Thank you for all of the encouragement after I posted the UJAM update. I am really thankful for what God has done, and is doing, and am thankful for the people who are in my life for the trip.
I’ve been blogging for a few years now, and I think I’ve gotten better at it. I re-read some of my old posts recently, and they’re rather entertaining (a.k.a really bad). One benefit to blogging for years is that you learn what works and what doesn’t, what is bad content v. good content, and what it is that you really are willing to share in a semi-permanent, public space.
Does anyone else ever fear that what you write will come back to haunt you should you, for example, decide to run for public office in thirty years?
Something I’ve really worked at in the last few months is to share more about my real life here, instead of just facts. In general, that’s a really difficult thing for me to do. Not just online, but in person with my friends. My closest friends should (hopefully) be able to tell you that I’ve grown in this area, and that they actually know me, not just what happens to my life.
I think that’s pretty great.
It’s scary, though, sharing my real self. I mean, there’s not only the possibility of what I say coming back to haunt me later, but there’s the possibility of rejection. And when I say rejection, I don’t just mean that you might not like me, but that my readers (hi mom) will disagree so much with what I have to say that I’ll need a phone call of encouragement from Rob Bell.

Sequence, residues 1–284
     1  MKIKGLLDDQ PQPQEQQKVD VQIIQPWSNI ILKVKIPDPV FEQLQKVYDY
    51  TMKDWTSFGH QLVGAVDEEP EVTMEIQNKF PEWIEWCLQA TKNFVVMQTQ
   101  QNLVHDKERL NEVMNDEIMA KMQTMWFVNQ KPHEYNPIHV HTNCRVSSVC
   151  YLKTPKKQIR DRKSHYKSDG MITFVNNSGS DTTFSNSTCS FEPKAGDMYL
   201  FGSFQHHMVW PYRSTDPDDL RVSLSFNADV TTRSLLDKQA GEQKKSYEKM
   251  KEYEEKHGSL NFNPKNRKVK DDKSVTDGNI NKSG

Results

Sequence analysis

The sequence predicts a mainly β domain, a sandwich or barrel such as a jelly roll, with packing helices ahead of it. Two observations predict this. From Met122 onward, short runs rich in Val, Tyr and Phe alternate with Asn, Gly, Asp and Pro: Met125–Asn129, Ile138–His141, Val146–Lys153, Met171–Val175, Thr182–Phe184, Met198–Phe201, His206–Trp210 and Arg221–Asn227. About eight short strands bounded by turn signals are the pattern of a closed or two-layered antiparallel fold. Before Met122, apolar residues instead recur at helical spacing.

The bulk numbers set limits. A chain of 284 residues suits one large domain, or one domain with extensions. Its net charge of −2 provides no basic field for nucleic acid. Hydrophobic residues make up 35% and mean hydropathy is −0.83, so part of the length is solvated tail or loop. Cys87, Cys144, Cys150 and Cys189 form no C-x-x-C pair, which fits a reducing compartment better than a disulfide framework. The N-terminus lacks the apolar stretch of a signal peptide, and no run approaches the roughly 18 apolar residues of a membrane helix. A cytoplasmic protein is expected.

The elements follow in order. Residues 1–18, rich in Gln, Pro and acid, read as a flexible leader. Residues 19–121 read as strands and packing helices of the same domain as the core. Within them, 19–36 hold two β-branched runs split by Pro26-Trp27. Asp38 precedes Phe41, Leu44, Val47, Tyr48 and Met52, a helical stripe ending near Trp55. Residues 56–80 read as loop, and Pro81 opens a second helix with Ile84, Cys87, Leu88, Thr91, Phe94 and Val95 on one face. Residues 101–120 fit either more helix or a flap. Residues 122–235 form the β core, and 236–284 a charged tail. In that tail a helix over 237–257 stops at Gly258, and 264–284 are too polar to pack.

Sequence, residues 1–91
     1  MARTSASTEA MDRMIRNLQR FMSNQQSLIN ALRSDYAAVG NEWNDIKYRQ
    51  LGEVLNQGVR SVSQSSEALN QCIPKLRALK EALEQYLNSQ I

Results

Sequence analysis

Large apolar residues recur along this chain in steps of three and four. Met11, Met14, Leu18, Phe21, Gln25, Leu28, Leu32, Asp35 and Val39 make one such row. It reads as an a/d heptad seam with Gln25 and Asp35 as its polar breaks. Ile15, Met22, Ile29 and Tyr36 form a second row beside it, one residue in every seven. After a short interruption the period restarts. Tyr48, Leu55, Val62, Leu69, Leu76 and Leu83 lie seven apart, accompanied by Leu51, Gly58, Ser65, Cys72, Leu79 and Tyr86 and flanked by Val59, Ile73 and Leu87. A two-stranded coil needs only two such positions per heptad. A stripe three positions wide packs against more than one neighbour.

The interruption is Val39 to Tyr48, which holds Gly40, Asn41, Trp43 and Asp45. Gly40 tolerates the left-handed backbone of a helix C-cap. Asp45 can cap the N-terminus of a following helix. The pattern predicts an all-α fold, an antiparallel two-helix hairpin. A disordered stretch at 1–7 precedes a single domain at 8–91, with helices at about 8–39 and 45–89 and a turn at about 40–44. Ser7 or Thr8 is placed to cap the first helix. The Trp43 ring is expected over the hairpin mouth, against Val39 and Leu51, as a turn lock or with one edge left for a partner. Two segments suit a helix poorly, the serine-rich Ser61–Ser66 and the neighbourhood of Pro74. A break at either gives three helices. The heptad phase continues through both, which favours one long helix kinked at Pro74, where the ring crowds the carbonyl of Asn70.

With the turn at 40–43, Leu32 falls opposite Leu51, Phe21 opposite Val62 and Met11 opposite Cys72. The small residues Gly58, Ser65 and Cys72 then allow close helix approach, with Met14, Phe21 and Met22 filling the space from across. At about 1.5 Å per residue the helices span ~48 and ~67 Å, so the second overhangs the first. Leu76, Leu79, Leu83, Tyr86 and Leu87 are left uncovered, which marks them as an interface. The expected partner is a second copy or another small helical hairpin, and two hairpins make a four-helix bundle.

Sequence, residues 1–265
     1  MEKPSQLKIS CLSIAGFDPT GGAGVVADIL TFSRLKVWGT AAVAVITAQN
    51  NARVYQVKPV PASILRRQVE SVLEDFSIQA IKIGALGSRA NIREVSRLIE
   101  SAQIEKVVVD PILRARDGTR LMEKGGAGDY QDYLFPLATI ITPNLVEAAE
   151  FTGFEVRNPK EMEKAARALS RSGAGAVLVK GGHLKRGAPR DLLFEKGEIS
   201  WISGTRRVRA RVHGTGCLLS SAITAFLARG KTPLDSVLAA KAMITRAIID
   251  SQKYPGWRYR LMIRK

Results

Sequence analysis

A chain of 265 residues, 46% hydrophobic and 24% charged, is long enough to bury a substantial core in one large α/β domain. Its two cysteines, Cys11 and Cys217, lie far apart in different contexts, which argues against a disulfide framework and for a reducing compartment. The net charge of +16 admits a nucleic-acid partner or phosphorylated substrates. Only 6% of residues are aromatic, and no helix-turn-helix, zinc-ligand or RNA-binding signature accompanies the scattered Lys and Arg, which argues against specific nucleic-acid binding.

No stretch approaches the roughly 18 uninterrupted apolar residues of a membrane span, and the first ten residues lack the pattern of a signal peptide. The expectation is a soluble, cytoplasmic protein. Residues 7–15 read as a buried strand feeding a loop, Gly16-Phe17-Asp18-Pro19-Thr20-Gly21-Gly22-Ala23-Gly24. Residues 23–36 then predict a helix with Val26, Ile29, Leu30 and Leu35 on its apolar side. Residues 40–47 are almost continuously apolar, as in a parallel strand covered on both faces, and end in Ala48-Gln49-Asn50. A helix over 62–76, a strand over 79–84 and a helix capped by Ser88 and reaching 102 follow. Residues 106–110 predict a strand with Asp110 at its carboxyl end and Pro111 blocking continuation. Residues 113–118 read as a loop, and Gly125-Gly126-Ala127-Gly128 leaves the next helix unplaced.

So I have this blog rule, and it works for me.
I don’t post anything deeply personal online without testing it out with my closest friends, first.
Sharing life with my friends in real life, the friends that I eat dinner with and embarrass myself with and serve with, is really difficult. I decided at some point, that if I can’t share with those friends, then I don’t want to share here, in such a permanent and public place.
I know this looks completely different for other people. There are those of you whose blogs I read and love, who are able to put your whole self “out there”. Artists do this every time they create; they put themselves on the line for so many to see. Bloggers have entire communities of friends through writing and commenting. I am in awe of those of you who can do that, and hope to never discourage you from continuing.
For me, I have to stick with my blog rule. So as I get better at this and more confident in writing what I’m really thinking, you can be sure that my offline relationships are growing as well. If you’re my friend outside of the internet and you’ve read this, and at some point while we’re growing old you see that I’m spending more time on this blog than with you, come bring me ice cream and steal me for a road trip.